A recent publication on a global study entitled "Education for rural development: towards new policy responses" undertaken in partnership by FAO and the UNESCO Institute of Education Planning(IIEP) was launched this year. The study's aim is to build awareness of the importance of Education for rural people as a crucial step to achieve the MDGs.

    The book includes fifteen case studies from around the world regarding these topics. The study will soon be available on line and will be included in the list of virtual publications that the partnership has issued. This list includes a large number of articles and other publications produced on ERP in collaboration with UNESCO, Universities, NGOs.

    Following two international seminars on Education for rural people held during late 2003 in Thailand and Italy (please read article published in the December edition of the Website), UNESCO and the International Research and Training Centre for Rural Education (INRULED) organized a third event under the theme International Symposium on Rural Education in Baodin, China on 20-23 January 2003. During this event, both FAO and IIEP organized two workshops.

    A strong network is currently being built among flagship members. One of the communication instruments supporting the exchange of information is the ERP informal Newsletter. Two editions have already circulated via e-mail so far, among international organizations, NGOs, Universities and the private sector exchanging information on activities and good practices in the domain of Education for rural people.

    In addition, an ERP Technical Cooperation pilot project (TCP) was started by FAO in Kosovo in support of the Ministry of Education and Agriculture, for the development of a participatory national strategy to address the learning needs of rural people. A launching workshop was held on 1 July, 2003 in Pristine and was attended by high level officials of Agriculture, Education and Labour Ministries as well as by UN Agency representatives from ILO and UNICEF, bilateral donor agencies (GTZ, Swiss and Danish cooperation), private sector representatives and members of the civil society (rural credit representatives, farmers and producers associations, rural cooperatives, rural women organizations, local NGOs, students organizations, representatives and parents from rural schools, among many others).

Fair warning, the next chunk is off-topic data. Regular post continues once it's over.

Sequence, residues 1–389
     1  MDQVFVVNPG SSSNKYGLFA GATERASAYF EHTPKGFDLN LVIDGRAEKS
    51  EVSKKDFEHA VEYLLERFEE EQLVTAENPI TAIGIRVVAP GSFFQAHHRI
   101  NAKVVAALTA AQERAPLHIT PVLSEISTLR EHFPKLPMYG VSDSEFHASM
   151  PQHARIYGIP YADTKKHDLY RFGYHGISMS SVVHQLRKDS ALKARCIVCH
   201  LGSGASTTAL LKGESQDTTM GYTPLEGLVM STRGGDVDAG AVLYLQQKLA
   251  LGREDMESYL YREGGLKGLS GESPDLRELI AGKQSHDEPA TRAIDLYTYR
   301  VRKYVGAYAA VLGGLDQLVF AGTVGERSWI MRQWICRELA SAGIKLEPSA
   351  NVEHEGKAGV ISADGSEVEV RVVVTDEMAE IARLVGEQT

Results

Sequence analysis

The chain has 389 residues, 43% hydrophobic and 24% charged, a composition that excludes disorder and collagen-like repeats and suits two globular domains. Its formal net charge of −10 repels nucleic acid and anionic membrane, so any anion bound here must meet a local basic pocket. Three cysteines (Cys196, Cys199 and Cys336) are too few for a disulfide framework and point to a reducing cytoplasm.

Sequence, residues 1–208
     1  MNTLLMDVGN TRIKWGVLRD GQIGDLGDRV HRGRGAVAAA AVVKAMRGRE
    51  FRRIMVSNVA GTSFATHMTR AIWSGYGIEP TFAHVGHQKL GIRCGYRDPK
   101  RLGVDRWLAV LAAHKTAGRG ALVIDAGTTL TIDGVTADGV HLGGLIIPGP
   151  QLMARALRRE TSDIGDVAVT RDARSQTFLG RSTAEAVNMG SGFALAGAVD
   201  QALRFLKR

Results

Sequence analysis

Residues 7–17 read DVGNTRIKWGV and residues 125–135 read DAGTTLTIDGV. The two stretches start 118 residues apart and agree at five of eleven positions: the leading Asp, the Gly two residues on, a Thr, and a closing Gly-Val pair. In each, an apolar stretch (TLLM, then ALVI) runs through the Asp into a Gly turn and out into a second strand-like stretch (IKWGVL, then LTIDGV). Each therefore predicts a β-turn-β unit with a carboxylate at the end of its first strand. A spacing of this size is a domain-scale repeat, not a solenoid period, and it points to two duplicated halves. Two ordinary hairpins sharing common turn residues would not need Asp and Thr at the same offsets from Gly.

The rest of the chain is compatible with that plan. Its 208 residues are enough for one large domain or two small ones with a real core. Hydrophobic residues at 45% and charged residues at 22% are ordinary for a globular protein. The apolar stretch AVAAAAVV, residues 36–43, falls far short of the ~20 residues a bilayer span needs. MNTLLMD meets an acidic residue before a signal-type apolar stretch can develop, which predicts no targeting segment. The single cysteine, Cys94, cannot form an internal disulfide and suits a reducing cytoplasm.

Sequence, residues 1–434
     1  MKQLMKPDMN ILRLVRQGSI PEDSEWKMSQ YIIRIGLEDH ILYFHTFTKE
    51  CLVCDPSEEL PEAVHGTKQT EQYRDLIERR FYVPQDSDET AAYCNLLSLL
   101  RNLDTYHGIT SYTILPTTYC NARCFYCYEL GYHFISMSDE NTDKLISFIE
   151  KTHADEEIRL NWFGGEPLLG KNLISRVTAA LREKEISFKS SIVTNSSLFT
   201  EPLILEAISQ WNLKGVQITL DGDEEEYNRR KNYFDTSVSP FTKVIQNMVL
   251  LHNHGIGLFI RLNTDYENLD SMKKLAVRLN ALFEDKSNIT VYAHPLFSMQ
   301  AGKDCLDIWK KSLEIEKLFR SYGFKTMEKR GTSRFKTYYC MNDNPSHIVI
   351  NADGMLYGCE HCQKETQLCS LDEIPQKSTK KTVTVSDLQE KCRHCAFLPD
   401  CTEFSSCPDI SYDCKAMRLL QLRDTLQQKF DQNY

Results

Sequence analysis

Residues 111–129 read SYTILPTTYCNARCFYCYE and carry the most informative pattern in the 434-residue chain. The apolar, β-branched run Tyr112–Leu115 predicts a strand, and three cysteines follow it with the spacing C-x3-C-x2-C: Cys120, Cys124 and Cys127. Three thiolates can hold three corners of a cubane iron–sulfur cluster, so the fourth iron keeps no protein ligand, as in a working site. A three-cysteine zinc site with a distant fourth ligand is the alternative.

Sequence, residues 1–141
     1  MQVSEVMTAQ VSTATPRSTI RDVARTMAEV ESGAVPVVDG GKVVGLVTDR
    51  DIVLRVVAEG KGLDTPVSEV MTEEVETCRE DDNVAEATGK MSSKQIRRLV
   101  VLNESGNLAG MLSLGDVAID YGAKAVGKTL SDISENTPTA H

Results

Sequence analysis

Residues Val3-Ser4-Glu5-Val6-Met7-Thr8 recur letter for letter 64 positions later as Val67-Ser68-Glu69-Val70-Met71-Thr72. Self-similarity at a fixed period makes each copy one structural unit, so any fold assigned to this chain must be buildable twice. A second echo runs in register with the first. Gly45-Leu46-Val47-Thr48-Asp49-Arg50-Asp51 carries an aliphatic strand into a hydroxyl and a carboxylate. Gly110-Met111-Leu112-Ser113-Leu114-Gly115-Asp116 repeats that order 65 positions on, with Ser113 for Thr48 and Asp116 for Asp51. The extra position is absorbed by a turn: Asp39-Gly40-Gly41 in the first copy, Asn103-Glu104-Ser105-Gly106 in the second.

Studies on the educational needs of rural people were also undertaken in Serbia, Bosnia and Croatia and will be soon published on the FAO Website. A preliminary project formulation mission was recently undertaken in Mozambique.

    During this year's second semester, ERP will be addressed by special sessions within the Regional Workshops organized by the UNESCO regional offices in Latin America (Santiago) and Asia (Bangkok) for Education for All national coordinators. By the beginning of 2004, a regional ERP workshop will be jointly organized by FAO and UNESCO regional offices and the UNESCO International Institute for Education Planning (IIEP) in Latin America and in Asia. This event will help Ministries of Education and Agriculture plan activities to address the learning needs of rural people. A country study will be undertaken in collaboration with local authorities by FAO, UNESCO Regional Offices and IIEP, in collaboration with CIDE -a regional NGO specialized in educational research - in Chile and other Latin America countries still to be defined.

    Several new publications such as a guide on "Monitoring Education for rural people: indicators and approaches" or "Guidelines for planners: Education for rural people, a key to Education for All" will be useful to support policy makers in promoting Education for rural people. These publications are undertaken in close collaboration with UNESCO/IIEP.

    How can the UN System Network on Rural Development and Food Security cooperate in the support of the Education for rural people initiative?

    The Un System Network on Rural Development and Food Security is crucial in promoting a wide recognition of the importance of supporting Education for rural people as a key to achieving poverty reduction, food security, rural development and education for all. It can be an important advocacy and information sharing mechanism that can help better focusing on ERP in Rural Development and national Education for All plans of action, and in the United Nations Assistance Development Framework (UNDAF) and the Poverty Reduction Strategy Papers (PRSP). It can also help by promoting improved coordination on ERP, sharing of experiences among the members of the UN System Network on Rural Development and Food Security and among the flagship members.